La Paz, Bolivia (UPI) Jan 6, 2011
Bolivia is offering new perks to oil prospecting firms to speed the momentum of operations aimed at finding substantial hydrocarbon reserves.
Companies that invest and succeed in finding commercially viable oil or natural gas deposits will have their cash reimbursed.
Companies that fail to find oil won't enjoy the same privilege, however.
Bolivian President Evo Morales offered the incentive amid growing interest in Bolivian energy prospects, not least because of the oil barrel price nudging close to $100 in the international market.
Despite speculative "talked-up" oil quests continuing elsewhere, including the Falkland Islands in the South Atlantic, Bolivia has drawn major players to its oil sector -- but not as much investment as the government hoped.
The latest offer contrasted with an earlier, somewhat intemperate threat to take over the foreign oil companies' assets, which did little to reinforce investor confidence in Bolivia.
The incentive offer represented a step back by Morales, although the government presented it as a brand-new idea that no self-respecting oil investor could afford to ignore.
Analysts say Bolivia is awash in oil and gas and has a major export potential. Estimated oil reserves topped 441 million barrels by the latest estimates and are rated the fifth largest in South America. The natural gas reserves total 27.6 trillion cubic feet, ranking Bolivia behind Venezuela in terms of proven natural gas reserves in South America.
The government argues better exploitation of hydrocarbon resources would help propel impoverished Bolivia into the 21st century but it faces criticism on issues of good governance and transparency that critics say undermine progress.
State-owned energy company Yacimientos Petroliferos Fiscales Bolivianos said its offer had received positive response from companies operating in the country, including Spain's Repsol-YPF, a partner with YPFB in a state-controlled joint venture; Argentina's Pluspetrol; Brazil's Petrobras; French oil major Total; and British Gas.
YPFB President Carlos Villegas said that under the proposal: "The private company will cover the cost of exploration if the results are negative, all the losses will be assumed by the company and YPFB will have no obligations.
"If the results are positive, YPFB pledges through a mixed corporation to return 100 percent of the investment made in the exploration phase."
YPFB is also considering increasing the amount that companies receive per barrel, currently $10 even as international oil prices fetch more than nine times that much.
Renewed moves to attract private investment followed violent protests in December after the government withdrew fuel subsidies. The government restored the subsidies after the riots.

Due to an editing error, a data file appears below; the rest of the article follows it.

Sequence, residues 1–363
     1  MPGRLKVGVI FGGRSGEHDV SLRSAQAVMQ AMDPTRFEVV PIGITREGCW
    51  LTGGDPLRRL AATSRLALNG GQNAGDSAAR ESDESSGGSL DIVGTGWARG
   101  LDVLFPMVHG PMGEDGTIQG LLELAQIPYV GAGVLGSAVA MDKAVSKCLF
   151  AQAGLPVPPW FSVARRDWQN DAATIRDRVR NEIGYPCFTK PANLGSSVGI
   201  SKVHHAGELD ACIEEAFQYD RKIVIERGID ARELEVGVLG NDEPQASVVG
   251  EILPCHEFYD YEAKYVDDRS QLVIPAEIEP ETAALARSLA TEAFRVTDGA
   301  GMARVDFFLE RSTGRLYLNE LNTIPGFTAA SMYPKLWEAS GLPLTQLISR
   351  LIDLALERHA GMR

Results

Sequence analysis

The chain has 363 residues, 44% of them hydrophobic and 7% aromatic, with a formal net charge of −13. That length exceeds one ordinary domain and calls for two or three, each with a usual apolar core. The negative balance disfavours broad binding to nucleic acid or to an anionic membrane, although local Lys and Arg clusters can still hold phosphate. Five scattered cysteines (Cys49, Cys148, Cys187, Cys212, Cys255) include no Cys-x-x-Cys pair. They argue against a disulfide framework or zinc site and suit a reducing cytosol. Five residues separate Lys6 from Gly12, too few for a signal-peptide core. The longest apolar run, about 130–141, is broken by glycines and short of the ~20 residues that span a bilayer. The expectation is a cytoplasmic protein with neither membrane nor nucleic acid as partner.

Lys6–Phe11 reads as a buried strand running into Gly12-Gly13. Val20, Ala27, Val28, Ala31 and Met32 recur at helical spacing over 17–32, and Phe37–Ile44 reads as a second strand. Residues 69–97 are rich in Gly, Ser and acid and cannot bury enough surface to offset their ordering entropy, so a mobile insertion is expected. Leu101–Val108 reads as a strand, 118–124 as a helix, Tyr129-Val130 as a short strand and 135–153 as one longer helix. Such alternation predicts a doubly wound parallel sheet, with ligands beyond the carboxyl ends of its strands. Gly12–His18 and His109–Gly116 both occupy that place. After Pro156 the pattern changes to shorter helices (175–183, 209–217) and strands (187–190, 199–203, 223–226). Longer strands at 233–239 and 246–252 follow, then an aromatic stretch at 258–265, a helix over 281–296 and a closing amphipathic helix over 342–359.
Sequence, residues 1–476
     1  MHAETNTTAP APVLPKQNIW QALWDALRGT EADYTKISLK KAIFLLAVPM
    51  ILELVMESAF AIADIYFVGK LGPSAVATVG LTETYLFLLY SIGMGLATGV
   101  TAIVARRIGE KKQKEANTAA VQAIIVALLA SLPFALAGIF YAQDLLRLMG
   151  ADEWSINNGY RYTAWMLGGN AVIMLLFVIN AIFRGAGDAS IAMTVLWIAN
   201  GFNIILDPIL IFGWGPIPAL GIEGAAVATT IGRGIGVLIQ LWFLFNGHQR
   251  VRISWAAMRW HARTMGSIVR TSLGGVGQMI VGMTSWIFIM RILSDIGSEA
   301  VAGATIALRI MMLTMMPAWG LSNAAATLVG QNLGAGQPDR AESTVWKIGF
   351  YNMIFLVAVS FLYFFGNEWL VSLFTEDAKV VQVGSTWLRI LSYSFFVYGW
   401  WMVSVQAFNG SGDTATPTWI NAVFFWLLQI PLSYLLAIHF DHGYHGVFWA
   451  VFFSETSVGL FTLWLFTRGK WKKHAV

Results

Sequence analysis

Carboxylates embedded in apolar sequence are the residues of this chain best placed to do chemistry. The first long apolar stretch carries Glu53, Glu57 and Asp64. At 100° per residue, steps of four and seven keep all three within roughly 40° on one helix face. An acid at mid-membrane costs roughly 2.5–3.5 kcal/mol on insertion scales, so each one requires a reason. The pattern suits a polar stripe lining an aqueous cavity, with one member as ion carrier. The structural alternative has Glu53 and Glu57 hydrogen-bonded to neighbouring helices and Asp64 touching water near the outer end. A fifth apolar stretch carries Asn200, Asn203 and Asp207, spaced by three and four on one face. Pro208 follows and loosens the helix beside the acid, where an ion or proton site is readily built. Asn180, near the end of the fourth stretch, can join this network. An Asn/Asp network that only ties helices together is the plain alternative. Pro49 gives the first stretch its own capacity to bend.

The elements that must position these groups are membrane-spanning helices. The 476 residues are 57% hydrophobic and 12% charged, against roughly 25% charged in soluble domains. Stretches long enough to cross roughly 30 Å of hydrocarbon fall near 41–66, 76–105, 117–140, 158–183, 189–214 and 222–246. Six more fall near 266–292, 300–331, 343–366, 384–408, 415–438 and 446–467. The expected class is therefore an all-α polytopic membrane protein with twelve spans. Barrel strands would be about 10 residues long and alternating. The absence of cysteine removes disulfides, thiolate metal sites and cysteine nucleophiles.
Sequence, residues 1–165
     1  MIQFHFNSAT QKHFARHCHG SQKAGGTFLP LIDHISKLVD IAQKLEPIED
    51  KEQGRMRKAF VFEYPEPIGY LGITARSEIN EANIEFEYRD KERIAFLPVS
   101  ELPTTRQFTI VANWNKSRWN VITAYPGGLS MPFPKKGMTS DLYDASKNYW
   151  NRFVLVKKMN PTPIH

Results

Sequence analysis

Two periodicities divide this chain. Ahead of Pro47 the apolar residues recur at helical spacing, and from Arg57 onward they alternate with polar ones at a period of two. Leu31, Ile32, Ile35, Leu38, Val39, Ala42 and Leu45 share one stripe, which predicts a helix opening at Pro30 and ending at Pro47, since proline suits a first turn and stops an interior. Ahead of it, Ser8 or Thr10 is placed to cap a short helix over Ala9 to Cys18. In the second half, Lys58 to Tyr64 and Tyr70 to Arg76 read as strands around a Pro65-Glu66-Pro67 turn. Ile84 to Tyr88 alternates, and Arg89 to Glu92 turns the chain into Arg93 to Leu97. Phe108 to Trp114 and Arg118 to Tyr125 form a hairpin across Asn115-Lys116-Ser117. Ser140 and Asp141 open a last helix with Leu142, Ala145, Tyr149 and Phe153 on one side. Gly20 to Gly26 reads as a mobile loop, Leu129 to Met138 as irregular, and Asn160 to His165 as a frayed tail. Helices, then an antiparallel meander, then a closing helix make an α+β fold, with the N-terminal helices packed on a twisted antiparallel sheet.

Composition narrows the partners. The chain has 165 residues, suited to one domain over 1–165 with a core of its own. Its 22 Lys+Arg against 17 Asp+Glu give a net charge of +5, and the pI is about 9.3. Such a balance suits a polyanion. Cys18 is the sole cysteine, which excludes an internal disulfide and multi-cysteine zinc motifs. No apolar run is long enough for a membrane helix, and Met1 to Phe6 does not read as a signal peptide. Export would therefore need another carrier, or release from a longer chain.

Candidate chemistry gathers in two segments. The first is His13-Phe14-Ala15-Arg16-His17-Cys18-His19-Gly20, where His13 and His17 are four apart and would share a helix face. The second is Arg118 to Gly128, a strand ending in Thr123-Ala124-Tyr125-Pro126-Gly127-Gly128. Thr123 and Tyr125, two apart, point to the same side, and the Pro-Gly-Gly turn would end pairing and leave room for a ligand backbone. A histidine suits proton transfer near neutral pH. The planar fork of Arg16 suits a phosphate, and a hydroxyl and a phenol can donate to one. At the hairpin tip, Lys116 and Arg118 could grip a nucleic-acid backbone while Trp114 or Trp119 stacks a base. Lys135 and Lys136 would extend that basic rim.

Share This Article With Planet Earth
Powering The World in the 21st Century at Energy-Daily.com
US oil spill probe blames bad management
Washington (AFP) Jan 6, 2011
A US panel skewered British giant BP as well as Halliburton and Transocean, saying management failures were to blame for the Gulf oil spill, and warned without reform such a disaster could happen again. Releasing a key chapter of its final report, the panel Wednesday also took aim at US government officials, sharply criticizing them for lax oversight of both the operation in the Gulf of Mexi ... read more
Iceland's Bjork in karaoke marathon against energy takeover|
Wake Up And Smell The Willow
Capstone Receives Follow-on Order For 6MW
Carbon Taxes Are The Answer To The Stalled Climate Negotiations
Bolivia offers perks to oil prospectors
Openness on oil revenues seen as key to Sudan peace
Japan traders eye giant Russia LNG project
Al Gore urges China, US to build greener cities
Keenan 2 Wind Farm Commences Commercial Operation
US challenges Chinese wind power subsidies at WTO
Italy wind farm seized by prosecutors
Outsmarting The Wind
Is The Hornet Our Key To Renewable Energy
New Dyes Improve Solar Technologies
UNI-SOLAR Brand Photovoltaics Set Sail
New Solar Cell Self-Repairs Like Natural Plant Systems
Taiwan's new nuclear plant delayed, operator says
Iran Rejects Claims Of Delays Linking Bushehr Nuclear Plant To National Grid
China announces new nuclear technology
Cleaning Up Nuclear-Contaminated Sites Faster And Cheaper
Household Sewage: Not Waste, But A Vast New Energy Resource
US Does Not Have Infrastructure To Consume More Ethanol
New Direction Of Bioenergy Research At University Of Idaho
'Dry-roasted' plants could be energy fuel
China Builds Theme Park In Spaceport
Tiangong Space Station Plans Progessing
China-Made Satellite Keeps Remote Areas In Venezuela Connected
Optis Software To Optimize Chinese Satellite Design
Broken Glass Yields Clues To Climate Change
Broken Glass Yields Clues To Climate Change
Back To The Dead (Sea, That Is)
Researchers Train Software To Help Monitor Climate Change
|The content herein, unless otherwise known to be public domain, are Copyright 1995-2010 - SpaceDaily. AFP and UPI Wire Stories are copyright Agence France-Presse and United Press International. ESA Portal Reports are copyright European Space Agency. All NASA sourced material is public domain. Additional copyrights may apply in whole or part to other bona fide parties. Advertising does not imply endorsement,agreement or approval of any opinions, statements or information provided by SpaceDaily on any Web page published or hosted by SpaceDaily. Privacy Statement|